by Elaine Cercado
As a student, I was a full scholar from elementary up to high school. The requirement was to maintain my marks and achieved the top honor/award. The word “failure” was not part of my young mind at all. There were only “lessons learned”, “try again”, “potentials” and “progress”.
My father was a big influence to my passion for learning and development. He was an embodiment of a life-long learner as he took two post-graduate courses and studied law degree in his 50’s. Consequently, when I entered the workforce, learning and achieving became my motivations.
At the same time, my parents did their best to give me a sense of balance. My parents encouraged me to stretch to my full potentials, to keep trying if something did not work, and to have fun with friends along the way. When I grew older and transitioned to other roles in life, like becoming a mother and a manager-leader at work, this filter and disposition helped me immensely. Through life’s ups and downs, I would always see the upsides of failures.
One example happened in 2014, when our family invested in a cake and coffee shop in a mall in downtown Singapore. When it became unsustainable, we decided to exit the business and as a result, lost the seed money we put in. The emotional and mental investments felt like heavy losses too as we gave significant personal time and energy into this business.
Yet I personally saw this failed entrepreneurial venture as a triumph in three ways.
- First, it accelerated my growth as a business person, who has learned first-hand, the utmost importance of alignment of vision and values among business partners, and the critical convergence of passion and performance to financially succeed. These have empowered my business skills, which I get to apply on our current venture.
- Second, the experience made me a wiser and better person. The perspectives I gained were so much wider and deeper. I developed tremendous appreciation for the services and sacrifices of those who served in the food retail industry. The work was non-stop and included weekends and holidays. The demand for consistent quality service and excellence was high whether the customer bought a whole cake or a slice of cake. The experiences were challenging, humbling and enlightening.
- Third, the journey to fulfilling a dream “to have our cake and coffee shop” was rewarding, even if in the end, we operated for just two years and was not financially successful. My father probably had this sense of fulfilment when he finished his law degree in his 50’s, as he always dreamed of studying law, though he did not practice the legal profession.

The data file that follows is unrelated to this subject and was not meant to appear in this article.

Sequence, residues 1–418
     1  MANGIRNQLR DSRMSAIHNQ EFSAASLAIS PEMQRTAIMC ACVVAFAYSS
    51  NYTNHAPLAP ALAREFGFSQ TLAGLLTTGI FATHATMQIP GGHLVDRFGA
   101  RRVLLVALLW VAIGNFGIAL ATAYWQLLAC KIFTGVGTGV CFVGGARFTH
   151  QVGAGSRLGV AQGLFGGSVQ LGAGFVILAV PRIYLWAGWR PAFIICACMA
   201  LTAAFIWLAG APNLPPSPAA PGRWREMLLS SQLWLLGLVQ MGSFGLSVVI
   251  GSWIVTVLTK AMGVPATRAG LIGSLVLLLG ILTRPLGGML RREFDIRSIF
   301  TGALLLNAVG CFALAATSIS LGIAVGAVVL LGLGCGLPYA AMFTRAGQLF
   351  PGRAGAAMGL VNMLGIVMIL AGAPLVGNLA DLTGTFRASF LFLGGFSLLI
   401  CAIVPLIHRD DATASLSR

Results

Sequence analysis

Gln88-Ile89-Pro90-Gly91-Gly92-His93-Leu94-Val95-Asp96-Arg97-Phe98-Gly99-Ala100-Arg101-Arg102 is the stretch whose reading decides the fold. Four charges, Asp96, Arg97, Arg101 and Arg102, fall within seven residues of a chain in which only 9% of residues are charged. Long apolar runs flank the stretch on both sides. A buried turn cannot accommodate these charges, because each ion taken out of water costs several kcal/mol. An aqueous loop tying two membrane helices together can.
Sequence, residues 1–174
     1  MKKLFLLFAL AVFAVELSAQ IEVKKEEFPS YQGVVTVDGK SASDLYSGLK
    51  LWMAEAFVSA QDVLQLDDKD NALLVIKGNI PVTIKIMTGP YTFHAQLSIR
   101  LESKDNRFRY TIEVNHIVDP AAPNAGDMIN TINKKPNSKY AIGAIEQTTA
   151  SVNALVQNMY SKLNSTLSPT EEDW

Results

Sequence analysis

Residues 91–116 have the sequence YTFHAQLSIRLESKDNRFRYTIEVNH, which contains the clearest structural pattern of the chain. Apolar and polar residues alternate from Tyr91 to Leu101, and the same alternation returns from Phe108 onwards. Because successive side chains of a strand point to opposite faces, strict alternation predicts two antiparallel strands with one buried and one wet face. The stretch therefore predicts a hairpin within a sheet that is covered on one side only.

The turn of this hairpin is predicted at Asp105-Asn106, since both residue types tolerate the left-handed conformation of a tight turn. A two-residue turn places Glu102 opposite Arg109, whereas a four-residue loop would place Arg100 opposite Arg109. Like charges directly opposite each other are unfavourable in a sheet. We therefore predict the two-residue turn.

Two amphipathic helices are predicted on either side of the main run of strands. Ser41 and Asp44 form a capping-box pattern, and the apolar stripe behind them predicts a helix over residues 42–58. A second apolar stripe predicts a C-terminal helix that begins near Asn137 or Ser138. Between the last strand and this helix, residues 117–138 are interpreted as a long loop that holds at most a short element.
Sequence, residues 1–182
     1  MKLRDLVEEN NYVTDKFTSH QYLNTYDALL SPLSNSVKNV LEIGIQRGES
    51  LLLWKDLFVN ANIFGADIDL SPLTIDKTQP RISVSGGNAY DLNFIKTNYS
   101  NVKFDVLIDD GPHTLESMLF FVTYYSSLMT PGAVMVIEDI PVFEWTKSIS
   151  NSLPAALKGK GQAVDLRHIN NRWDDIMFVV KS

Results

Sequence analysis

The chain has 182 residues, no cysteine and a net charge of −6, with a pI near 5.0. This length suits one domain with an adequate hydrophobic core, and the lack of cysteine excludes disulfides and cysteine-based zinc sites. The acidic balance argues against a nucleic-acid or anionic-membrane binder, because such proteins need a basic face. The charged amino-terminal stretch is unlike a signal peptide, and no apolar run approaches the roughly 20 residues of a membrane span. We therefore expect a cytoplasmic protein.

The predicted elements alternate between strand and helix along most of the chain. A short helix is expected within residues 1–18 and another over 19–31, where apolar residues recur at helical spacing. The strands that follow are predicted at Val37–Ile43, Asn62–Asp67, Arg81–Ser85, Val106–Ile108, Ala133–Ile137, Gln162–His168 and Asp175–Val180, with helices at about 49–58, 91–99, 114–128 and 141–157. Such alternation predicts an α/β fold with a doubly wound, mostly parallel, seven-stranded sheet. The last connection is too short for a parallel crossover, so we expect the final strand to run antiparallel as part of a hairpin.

Above all, the upside of failure is winning!
Here’s one of my favorite fail-to-win stories: During our son’s pre-university 2-year IB program, he took up Mandarin as his language subject. On the first month, he came home every day with a long face, shared how difficult it was and would say “I want to shift to Spanish language”. Since it was just the first month, we encouraged him to give it a chance as things could improve. On the start of the second month, he became restless and really wanted to shift. At that point, his mark in Chinese was a fail, 1 out of 7, where the passing mark was 5. But it turned out that there was no more slot available in Spanish class. The choices then were to proceed with Mandarin, or to skip the subject and graduate late. Realizing that, he made a remarkable turnaround – a change in mindset, strong self-discipline and focus, and determination to recover and finish well. For two years, he delivered his best, and in the end, went from 1.0 to a final mark of 6.7 out of 7 in Mandarin!
In closing, let me quote Bob Buford, who described the “upsides of failure” perfectly in his book Finishing Well:
We are all works in progress…Those were not particularly appealing words I used to describe the journey: Uncertain. Unpredictable. Destabilizing. Scary. But other words describe it just as surely: Fun. Exhilarating. Exciting. Rewarding. They show the other side of a balanced equation.
Just as resistance generates muscles, working through our worst experiences generates joy. The challenges we encounter are no reason to quit the journey. They provide occasions to seek wisdom and strength to continue.